Crossing the Arctic Circle

Day eighteen and as we head further north it is starting to turn a bit cooler. Our first stop of the day was the Nazi coastal fort of Gronsvik which was one of 350 defences built along Norway’s coastline. There was no one else there so we were able to have a good look around. I am not sure if dogs were allowed into all the areas but as no one was around Finn happily went through the trenches and tunnels with us. One of the huts had an old Jotul wood burner in it, obviously built to last, Pete and Ann you should be fine with the one we put in at Burnham Thorpe.

We did a little walk from the fort to a nice bay that the information board said was lovely to take a refreshing swim in. I think it would be a little bit more than refreshing this time of year.

Next stop was the ferry from Kilboghavn to Jektvik. I had tried to work out the timetable online and thought there was a ferry at 11:50. When we turned up there was no one else there but the waiting room was open and the heating was on so we assumed there would be a ferry soon. After a hunt round we found a timetable which was split into summer and winter, we had just crossed into the winter timetable so only every other ferry was running, therefore it was going to be a bit of a wait until 2pm. Not to worry we could have a walk and some lunch. Just as we were about to sit down and eat lunch a Norweigian camper zooms into the ferry line as though he is on a mission. Andy asks him when he thinks the next ferry is, he says 5 mins, we start bolting our food and packing everything away. Five minutes later he comes and knocks on our door, sorry it is now the winter timetable, the next one is 2pm, back to plan A.

Next to pull up in the ferry queue behind us is a BMW touring bike, the rider gets off and comes over to the window to say hi, he is from Birmingham and is touring for the next few months, ending up in Italy in January. We are the first British number plate that he has seen while in Norway, we have only seen one other, Julie and Jason. He came in for a coffee and a chat, it is great to hear other peoples stories about where they have been. He is also heading up to Northcape but he is camping and on a motorbike, rather him than me, I am looking forward to having the home comfort of heating when we get up there. While we were on the ferry we crossed the Arctic Circle. There is a globe on the shore to mark the line. You could tell the people who were tourists on the ferry as we were all out taking pictures, while the people who use this ferry as there daily commute were not particularly interested. This was our longest ferry route so far as it was just over an hour.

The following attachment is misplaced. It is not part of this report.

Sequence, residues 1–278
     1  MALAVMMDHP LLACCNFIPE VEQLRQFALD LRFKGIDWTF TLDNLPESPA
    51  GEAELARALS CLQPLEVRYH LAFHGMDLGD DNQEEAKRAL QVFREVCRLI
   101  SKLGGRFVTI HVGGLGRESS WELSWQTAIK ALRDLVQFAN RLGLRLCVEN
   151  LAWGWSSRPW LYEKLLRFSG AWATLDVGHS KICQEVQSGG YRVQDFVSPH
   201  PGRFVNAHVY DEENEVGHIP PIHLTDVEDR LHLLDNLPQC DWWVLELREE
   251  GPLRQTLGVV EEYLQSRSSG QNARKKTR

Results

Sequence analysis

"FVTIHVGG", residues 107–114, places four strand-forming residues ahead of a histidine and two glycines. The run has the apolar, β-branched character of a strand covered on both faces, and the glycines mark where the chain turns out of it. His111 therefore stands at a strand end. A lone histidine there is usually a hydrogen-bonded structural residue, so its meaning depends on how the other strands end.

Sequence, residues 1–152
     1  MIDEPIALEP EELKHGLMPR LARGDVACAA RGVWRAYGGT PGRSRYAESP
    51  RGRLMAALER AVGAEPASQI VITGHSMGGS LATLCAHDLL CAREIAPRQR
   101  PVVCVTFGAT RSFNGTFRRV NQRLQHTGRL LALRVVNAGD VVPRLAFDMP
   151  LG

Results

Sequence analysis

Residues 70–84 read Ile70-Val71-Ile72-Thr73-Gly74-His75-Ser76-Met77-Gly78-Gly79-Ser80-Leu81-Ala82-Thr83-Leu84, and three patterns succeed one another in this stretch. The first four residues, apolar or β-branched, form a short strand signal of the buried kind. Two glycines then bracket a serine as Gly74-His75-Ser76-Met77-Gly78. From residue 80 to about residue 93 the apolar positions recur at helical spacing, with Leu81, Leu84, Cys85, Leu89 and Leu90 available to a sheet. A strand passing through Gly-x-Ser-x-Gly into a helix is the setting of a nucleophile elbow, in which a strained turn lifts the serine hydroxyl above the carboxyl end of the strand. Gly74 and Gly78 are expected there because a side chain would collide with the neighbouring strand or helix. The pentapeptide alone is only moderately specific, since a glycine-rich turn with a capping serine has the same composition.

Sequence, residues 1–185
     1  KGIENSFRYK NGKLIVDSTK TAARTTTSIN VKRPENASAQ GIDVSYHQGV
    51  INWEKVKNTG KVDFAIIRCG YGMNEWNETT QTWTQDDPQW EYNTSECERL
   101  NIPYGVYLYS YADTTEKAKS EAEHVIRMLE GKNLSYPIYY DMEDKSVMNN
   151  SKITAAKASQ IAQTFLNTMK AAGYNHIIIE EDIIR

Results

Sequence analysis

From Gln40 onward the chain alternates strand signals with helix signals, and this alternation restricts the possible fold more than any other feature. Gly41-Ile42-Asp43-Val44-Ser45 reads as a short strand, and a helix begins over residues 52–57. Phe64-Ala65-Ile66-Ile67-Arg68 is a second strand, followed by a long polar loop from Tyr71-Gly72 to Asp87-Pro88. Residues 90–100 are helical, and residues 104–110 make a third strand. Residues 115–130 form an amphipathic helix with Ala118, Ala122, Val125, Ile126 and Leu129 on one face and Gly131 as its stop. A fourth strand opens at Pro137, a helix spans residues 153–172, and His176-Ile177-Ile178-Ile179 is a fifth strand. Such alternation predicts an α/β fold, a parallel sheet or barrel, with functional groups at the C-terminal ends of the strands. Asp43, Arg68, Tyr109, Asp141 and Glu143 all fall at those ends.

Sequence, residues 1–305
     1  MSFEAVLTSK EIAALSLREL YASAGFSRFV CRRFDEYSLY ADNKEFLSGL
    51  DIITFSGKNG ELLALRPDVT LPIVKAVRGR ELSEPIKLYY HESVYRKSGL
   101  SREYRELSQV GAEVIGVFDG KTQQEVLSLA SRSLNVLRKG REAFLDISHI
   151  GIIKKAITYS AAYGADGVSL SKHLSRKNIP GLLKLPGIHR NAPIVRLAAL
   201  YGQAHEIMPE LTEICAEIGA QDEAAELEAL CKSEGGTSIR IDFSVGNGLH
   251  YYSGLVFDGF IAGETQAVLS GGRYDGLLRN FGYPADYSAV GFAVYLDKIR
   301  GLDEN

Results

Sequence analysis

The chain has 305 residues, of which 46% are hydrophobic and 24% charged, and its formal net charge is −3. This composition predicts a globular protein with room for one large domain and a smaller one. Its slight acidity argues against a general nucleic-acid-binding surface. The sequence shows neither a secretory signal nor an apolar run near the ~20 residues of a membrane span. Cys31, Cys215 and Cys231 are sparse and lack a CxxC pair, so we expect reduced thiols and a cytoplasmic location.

We got off the ferry went eight miles down the road and jumped on another ferry from Agskaret to Furoy. This was only the normal 15 min hop so no getting out of the van this time. Not long after leaving the ferry you could see the edge of the Svartisen glacier. Some of the tongues like the one we could see as we drove along lick right down almost to the valley floor making them the lowest lying glaciers in mainland Europe. The view was so good and it was getting on for five o’clock that we decided to stop the night at the next picnic spot. We are extremely lucky this is the second time we have free camped with a glacier view from the van. It really doesn’t get much better than this.

Overnight – Picnic Site N 66.724374. E 13.698606

Miles Walked – 5.5

Miles Driven – 53

Weather – cloudy with the occasional sunny spell, dry but starting to turn colder.

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  1. Well with a reference to Burnham Thorpe and ourselves, I will leave a comment and see whether you get to read it. Today is the equinox and from now on the nights get shorter. Ann is sat watching Eastenders (why?) so I am string at the Jotul wood-burner and thinking it is not going to be long before we have to light this. we are not going to bother with a holiday this year as we are living yours. Keep safe and keep writing!

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